By KIM POINDEXTER
When I was in college, several of my Indian friends liked to joke about old clunker cars. They insisted if you passed a house with a car up on blocks in the yard, it was probably an “Indian” house. I don’t agree, though. They’ve accepted that stereotype just because a lot of folks who live in this part of the world are, to one degree or another, Indian.
My theory is cars on blocks are a geographical indicator, rather than a racial or ethnic one. If you’re driving along and you see a car on blocks, you’ve probably crossed into Cherokee County – and the homeowner could be red or yellow, black or white. So could the car, which must be precious in the sight of its owner, or he wouldn’t be so loathe to part with it.
My husband is mostly Italian, but he has a vehicle up on blocks in our shed: his beloved 1980 Toyota pickup, or what’s left of it. When I met him in fall 1981, it was still a cute little yellow contraption with racing stripes, but it already had a cracked windshield. From time to time, his friends would rub a bar of soap over the cracks to annoy him when it rained. As time, rough treatment and various mishaps took their toll, the pickup evolved into its current physical state: a primer-black cab, with a wooden flatbed and a ratty interior. There are no tires, and if there were, they would be flat. The transmission is gone – not unworkable, but literally gone – and my husband has several times run off rats nesting under the hood.
Despite its sad condition, my husband refuses to get rid of this truck. When he was in his 30s and 40s, he claimed he planned to “rebuild it” when he retired. Now that he’s in his 50s and getting closer to retirement, he no longer tries to pass off that excuse. Now he says he wants to “get something out of it.” At first, I thought he wanted to retrieve an item inside the cab – like our son’s baby car seat – and was just procrastinating. Then I realized he actually thought it might be worth something. So when we planned to donate to NPR my 1997 Chevy Lumina – which had been a nice family car until our son ran it into the ground his first couple of years at OU – I suggested the Toyota accompany it on its journey. My husband shouted, “NO!” Voice trembling, he explained he wasn’t ready to part with it yet.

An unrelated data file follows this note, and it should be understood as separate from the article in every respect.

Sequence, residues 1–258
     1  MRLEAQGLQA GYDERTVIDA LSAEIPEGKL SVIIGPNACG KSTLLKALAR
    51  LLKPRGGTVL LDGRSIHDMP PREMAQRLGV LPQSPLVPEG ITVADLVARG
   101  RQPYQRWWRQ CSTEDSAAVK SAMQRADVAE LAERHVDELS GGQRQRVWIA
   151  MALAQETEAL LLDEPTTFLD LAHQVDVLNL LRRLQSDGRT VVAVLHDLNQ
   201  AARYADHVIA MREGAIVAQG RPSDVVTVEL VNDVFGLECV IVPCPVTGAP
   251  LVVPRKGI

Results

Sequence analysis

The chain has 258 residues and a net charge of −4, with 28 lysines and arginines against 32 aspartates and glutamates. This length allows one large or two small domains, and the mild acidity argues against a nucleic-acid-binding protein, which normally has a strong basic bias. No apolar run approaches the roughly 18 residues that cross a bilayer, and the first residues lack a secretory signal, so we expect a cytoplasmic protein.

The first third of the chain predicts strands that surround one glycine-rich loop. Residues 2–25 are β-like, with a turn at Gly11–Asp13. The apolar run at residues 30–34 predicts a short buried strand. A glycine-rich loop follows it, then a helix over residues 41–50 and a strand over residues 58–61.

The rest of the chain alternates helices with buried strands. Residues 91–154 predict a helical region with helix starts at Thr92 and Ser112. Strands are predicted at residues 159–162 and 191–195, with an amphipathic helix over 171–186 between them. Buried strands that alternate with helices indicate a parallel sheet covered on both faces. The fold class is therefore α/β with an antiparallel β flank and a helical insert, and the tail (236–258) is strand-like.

He seems paranoid I’ll try to get rid of it behind his back, like wives in horror stories about men who go “off to war” and come back to find their garages empty and their tools sold. I called him while I was writing this and asked him what year the Toyota was manufactured, and he told me, but then asked suspiciously, “Why do you want to know?” He said he was hoping someone wanted to buy it. Fat chance – either that someone would want to buy it, or that he would sell it to anyone who did.
What is it with men and their cars?
The mantra about fixing up vehicles during retirement was one I’d heard before. My father had a white 1962 Comet about which he said the same thing. As far as I know, that hulk is still resting in his yard, though my dad has been retired over 10 years and has better things to do – like riding bicycles – than restore what his kids and their friends once called “The Vomit.”
To us kids, The Vomit was a junker from day one. It always looked frumpy, because its white paint showed all the dust collected on our dirt road, and the interior was kind of a grayish-brown. But the bulk of its dowdy countenance owed to its lack of an air conditioner, and the floppy “four-on-the-floor” link transmission that kept an inexperienced driver guessing about what gear the thing was in.
The Vomit was the only car I was allowed to drive in high school. My friends, who remember the rattling noises and holes in the floorboard, would only condescend to be seen in the humiliating heap if their own cars were on the fritz. My friends, of course, drove things like glamorous powder-blue Montego convertibles, snazzy lemon-yellow Fiats, and sporty Mustangs with vinyl tops or fastbacks, and a brazen little Mazda that backfired on command.
Our school newspaper had a feature called “Bomb of the Month,” but this honor was never bestowed upon The Vomit, even though I was on the newspaper staff. I always suspected “Bomb of the Month” was a title reserved for the cars of popular kids, kind of like homecoming royalty, and I was never that popular.
About the only good thing about The Vomit was its occasional source of unexpected revenue. Because it was notoriously difficult to drive, I often won bets against blustering male classmates who always insisted they had the skills to handle the car. Most of them couldn’t even get it in gear, much less make it move forward, so they’d reluctantly hand over a buck or two that was likely intended for a can of Skoal.
Out of curiosity, I looked up the ‘62 Comet on the Internet, and now know the reason we intuited it was a junker from birth: It was originally conceived as an Edsel model. I also see that it’s a classic, and if in mint condition, it could bring you around $8,000. The Vomit’s condition is about as mint as one of those metal slugs we used to try to fool pop machines with.
I haven’t looked up the Toyota, and probably won’t. I see no reason to upset my husband. Especially if we learn the cinderblocks are worth more than the truck.
Kim Poindexter is managing editor of the Tahlequah Daily Press.